Inflation forcing more Americans to pile up credit card debt

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Credit card debt is weighing on more Americans in 2022 than it did last year and the unpaid balances are impacting everyone along the income ladder. 

That’s the major takeaway from a new report released Monday from In it, researchers found that 60% of credit card holders have been carrying balances on their cards for at least a year. That’s up an extra 10% from 2021, said.

One reason Americans are holding and carrying over so much credit card debt: they’re relying on plastic more frequently to pay for recurring expenses like utility bills, groceries and child care. 

“It’s even harder to get out of debt when it’s spending on necessities that got you into that position in the first place,” said Ted Rossman, senior industry analyst. “These expenses aren’t easily avoided.”

The report is based on an online survey of 1,834 card holders conducted last month. Card holders said in the survey that they’re also piling on debt because they had to pay unexpected costs like medical bills or home and car repairs. 

The increased number of Americans carrying credit card debt suggests that while the U.S. economy is indeed rebounding from the coronavirus pandemic, some families are recovering much quickly than others, Rossman said. 

Still, the debt is hampering low- and high-income earners alike, also found. The report shows that 59% of Americans who earn less than $50,000 a year carry a credit card balance from month to month. The percentage drops slightly to 49% for those who earn between $50,000 and $80,000 and dips again to 46% for card holders that earn between $80,000 and $100,000 a year.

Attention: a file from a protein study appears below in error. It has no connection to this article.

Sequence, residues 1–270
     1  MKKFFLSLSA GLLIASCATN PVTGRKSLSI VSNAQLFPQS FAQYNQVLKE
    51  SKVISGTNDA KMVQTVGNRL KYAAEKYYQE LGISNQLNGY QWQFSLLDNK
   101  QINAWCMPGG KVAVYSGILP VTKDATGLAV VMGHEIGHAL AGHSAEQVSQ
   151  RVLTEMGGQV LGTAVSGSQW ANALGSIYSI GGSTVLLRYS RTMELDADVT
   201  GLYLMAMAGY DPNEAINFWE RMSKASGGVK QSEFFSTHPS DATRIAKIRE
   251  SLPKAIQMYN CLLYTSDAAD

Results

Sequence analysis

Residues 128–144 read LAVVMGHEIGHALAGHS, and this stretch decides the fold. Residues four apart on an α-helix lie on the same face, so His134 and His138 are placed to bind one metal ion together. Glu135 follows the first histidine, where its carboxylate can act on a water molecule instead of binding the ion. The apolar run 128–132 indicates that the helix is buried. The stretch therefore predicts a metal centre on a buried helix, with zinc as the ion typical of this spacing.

Turning to cards amid high inflation

Americans owed $887 billion in credit card debt as of June 2022, according to the Federal Reserve Bank of New York. That’s about a 13% increase from the same time last year “which is the largest increase in credit card debt that we’ve seen in over 20 years,” Ron Hetrick, senior economist at Lightcast, told CBS News. 

Credit card balances have increased because families are using cards to pay for the rising cost of inflation, economists said. Prices for food, medical care and household necessities are still cllimbing, and people are paying for them with cards, not cash, they said.

U.S. household debt soars


The debt is piling up just as credit card companies are hiking their interest rates, almost in lockstep with the Federal Reserve, which has raised its rate four times so far this year. 

The average interest rate for a new credit card is between 18% and 25% “meaning that even people with the best credit (score) can expect to pay 18% interest or higher on their new credit card,” according to LendingTree credit analyst Matt Schulz. Rising interest rates make it more difficult for card holders to pay off balances, Rossman said. 

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